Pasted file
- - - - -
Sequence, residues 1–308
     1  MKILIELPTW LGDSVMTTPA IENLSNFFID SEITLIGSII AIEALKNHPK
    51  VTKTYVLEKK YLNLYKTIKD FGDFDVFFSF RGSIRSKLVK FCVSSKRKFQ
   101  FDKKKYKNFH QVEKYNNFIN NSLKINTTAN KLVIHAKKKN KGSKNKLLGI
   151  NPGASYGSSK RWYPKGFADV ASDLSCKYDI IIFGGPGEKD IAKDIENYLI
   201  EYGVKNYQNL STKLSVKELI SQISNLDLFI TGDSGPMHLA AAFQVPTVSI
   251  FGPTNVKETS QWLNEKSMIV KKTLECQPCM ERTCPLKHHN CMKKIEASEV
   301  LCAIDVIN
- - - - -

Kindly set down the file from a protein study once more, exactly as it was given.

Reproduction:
Sequence, residues 1–308
     1  MKILIELPTW LGDSVMTTPA IENLSNFFID SEITLIGSII AIEALKNHPK
    51  VTKTYVLEKK YLNLYKTIKD FGDFDVFFSF RGSIRSKLVK FCVSSKRKFQ
   101  FDKKKYKNFH QVEKYNNFIN NSLKINTTAN KLVIHAKKKN KGSKNKLLGI
   151  NPGASYGSSK RWYPKGFADV ASDLSCKYDI IIFGGPGEKD IAKDIENYLI
   201  EYGVKNYQNL STKLSVKELI SQISNLDLFI TGDSGPMHLA AAFQVPTVSI
   251  FGPTNVKETS QWLNEKSMIV KKTLECQPCM ERTCPLKHHN CMKKIEASEV
   301  LCAIDVIN